The surfacing of Syrian forces along the Turkish border brought the Foreign Affairs Ministry on alarm yesterday. Although Bashar Assad claims to be withdrawing his troops from the cities, he still continues to stage operations along the Syrian border. A record number of refugees came into Turkey the day prior forcing Foreign Affairs Minister to make an emergency call to U.N. Secretary General Ban Ki-moon. Ban immediately exited a meeting to answer Davutoğlu's call, which came in at two a.m. in the morning. During the conversation, Davutoğlu stated, "Come to our border and see for yourself what is transpiring. It is now time you intervene." Following the conversation, Ban ordered U.N. observers to head for the Turkish border.
Speaking to the press yesterday at Ankara's Esenboğa Airport, Davutoğlu announced that the number of refugees from Syria has now reached 23,825 in Turkey. The Foreign Affairs Minister went on to explain his recent demands made to the United Nations by stating the following:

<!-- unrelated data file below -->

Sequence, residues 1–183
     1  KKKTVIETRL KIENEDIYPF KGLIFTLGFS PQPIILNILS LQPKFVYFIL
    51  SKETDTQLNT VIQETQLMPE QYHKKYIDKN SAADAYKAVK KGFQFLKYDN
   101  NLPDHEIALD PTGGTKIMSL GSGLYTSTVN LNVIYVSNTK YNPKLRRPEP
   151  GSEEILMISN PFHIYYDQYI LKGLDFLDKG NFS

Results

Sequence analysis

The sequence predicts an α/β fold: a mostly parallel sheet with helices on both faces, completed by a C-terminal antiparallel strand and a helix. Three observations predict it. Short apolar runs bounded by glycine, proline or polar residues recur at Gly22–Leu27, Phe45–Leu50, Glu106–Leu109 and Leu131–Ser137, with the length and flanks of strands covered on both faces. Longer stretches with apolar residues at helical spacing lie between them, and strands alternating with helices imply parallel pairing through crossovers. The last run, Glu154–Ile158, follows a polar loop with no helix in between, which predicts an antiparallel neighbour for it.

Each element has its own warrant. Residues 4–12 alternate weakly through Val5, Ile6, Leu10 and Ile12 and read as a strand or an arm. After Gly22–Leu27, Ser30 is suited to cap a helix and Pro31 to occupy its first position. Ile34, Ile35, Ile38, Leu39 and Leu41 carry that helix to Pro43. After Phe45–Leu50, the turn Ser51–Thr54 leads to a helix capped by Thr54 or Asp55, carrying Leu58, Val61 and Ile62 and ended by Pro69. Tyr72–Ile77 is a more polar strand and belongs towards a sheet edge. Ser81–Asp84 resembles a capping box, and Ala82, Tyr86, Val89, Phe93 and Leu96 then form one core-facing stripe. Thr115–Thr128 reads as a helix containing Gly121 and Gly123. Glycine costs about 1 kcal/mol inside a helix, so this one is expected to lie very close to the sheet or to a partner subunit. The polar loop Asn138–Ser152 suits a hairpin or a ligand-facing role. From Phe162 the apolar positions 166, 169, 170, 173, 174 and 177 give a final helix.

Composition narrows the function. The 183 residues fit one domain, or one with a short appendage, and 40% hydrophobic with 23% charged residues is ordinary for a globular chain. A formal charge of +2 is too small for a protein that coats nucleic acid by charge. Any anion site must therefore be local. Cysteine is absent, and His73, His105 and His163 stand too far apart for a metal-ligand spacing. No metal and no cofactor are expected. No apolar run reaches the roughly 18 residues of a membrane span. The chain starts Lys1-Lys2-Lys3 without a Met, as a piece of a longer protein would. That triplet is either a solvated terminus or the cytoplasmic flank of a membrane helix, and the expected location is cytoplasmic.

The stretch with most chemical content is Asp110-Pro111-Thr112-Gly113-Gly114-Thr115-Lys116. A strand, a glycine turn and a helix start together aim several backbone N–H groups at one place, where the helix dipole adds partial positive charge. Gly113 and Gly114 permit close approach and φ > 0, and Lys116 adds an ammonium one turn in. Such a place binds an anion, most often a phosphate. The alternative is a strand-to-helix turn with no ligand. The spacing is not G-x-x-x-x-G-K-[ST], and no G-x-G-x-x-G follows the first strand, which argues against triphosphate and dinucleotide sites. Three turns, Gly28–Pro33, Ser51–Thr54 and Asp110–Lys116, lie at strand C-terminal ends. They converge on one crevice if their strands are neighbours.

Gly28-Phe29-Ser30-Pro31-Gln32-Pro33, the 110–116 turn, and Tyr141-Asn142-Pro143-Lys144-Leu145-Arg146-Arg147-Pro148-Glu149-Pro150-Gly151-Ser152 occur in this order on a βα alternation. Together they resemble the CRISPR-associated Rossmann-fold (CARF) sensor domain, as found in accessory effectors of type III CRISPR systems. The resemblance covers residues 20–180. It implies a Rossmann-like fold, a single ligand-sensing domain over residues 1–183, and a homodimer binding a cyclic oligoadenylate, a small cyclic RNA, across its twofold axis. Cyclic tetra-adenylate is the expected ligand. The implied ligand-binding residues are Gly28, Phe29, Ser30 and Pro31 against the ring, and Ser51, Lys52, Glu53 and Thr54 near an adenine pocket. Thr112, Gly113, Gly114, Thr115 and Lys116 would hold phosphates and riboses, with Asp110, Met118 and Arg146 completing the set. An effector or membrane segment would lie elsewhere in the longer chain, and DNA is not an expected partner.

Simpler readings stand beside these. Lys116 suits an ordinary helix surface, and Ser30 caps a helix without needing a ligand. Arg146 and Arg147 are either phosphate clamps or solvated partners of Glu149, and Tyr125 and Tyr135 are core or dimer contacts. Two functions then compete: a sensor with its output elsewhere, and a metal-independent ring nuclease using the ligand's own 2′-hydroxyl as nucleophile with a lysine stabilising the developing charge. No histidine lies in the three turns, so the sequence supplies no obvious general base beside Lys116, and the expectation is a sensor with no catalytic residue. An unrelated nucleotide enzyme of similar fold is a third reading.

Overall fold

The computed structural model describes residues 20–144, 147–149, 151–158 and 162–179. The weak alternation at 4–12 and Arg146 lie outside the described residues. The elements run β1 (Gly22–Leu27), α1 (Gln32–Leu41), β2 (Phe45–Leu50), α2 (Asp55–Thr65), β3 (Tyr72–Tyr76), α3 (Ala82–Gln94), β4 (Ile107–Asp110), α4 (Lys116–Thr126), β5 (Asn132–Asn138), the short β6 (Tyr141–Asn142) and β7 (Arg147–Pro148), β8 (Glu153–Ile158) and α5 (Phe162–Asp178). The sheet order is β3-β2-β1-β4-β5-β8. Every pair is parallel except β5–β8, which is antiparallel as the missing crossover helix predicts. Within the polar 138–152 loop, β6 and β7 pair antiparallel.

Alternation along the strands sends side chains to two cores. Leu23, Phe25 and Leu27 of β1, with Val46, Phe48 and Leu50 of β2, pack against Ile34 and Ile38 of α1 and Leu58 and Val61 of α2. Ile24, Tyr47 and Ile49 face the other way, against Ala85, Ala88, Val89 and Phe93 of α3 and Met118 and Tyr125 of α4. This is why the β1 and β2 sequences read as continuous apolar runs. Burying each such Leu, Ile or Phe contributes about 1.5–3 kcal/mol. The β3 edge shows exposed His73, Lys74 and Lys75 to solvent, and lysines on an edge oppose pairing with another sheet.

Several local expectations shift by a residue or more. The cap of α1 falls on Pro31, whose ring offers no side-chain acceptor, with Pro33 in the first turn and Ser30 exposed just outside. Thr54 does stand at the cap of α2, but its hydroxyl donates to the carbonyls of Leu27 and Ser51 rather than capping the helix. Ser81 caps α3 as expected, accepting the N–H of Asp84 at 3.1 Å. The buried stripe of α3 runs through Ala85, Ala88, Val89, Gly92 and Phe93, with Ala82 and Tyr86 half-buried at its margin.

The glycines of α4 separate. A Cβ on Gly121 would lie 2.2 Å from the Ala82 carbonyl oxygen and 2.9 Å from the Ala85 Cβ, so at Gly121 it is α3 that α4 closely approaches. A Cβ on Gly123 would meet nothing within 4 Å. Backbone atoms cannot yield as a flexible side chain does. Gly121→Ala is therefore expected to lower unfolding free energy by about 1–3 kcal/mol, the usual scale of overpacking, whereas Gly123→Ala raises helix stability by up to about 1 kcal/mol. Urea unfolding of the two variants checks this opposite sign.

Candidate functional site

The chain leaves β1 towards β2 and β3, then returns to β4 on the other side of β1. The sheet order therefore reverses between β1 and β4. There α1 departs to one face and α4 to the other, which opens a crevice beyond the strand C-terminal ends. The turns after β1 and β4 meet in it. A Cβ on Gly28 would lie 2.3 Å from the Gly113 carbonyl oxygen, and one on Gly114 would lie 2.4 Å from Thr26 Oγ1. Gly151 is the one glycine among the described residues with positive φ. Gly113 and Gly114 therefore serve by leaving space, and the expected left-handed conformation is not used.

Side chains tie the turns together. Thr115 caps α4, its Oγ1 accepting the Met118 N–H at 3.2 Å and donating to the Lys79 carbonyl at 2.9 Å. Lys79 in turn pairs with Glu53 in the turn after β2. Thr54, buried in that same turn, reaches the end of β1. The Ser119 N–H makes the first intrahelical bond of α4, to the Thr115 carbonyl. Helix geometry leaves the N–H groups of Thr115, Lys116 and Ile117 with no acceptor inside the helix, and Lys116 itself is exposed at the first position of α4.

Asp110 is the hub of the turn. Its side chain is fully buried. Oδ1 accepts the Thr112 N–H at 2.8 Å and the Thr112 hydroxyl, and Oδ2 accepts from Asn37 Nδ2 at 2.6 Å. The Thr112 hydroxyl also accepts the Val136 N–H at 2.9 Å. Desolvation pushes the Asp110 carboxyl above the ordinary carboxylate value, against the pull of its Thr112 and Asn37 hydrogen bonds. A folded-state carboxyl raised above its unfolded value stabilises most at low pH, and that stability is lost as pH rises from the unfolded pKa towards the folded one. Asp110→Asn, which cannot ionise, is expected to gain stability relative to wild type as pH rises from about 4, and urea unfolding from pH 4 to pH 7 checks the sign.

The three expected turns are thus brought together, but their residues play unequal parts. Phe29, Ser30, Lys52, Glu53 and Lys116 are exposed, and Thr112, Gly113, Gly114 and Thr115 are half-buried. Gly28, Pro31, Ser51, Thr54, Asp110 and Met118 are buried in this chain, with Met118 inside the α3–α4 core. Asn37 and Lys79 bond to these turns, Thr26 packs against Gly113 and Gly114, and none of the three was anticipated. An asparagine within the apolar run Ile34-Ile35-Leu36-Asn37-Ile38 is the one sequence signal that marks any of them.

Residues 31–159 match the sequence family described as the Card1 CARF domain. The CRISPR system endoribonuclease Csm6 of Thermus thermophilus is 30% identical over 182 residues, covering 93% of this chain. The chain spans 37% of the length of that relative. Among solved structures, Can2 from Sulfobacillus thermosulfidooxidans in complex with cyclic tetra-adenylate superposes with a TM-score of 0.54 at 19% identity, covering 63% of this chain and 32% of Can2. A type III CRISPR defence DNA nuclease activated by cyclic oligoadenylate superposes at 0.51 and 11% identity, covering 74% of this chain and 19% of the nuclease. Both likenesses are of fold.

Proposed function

"The operations need to be halted immediately and troops must be withdrawn from the cities. Everyone is now well aware that there is an international incident transpiring. However, it is important that those who have granted Syria time realize what is happening there. The UN must also intervene when it comes to humanitarian aid and refugees."
Davutoğlu has been continuously receiving information from the Hatay governor regarding the influx of refugees, which he then briefs Prime Minister Erdogan on. Meanwhile, Turkey's UN Permanent Representative Ertuğrul Apakan has held discussion with UN's Political Affairs Assistant Secretary General Lynn Pascoe.
While a number of nations, including the United States, have committed to providing humanitarian aid, Turkey had not yet announced just how much aid would be necessary. However, when the number of refugees surpassed the 23,000 figure a request was made for immediate measures to be taken. Director of External Relations for the UN High Commission for Refugees Metin Çorabatır states, "If the current trend continues for the next six months, and if the number of Syrian refugees in Turkey, Lebanon and Jordan reaches 100,000 then we have determined a figure of 84 million dollars to compensate for all sorts of needs, including accommodation, food and education."
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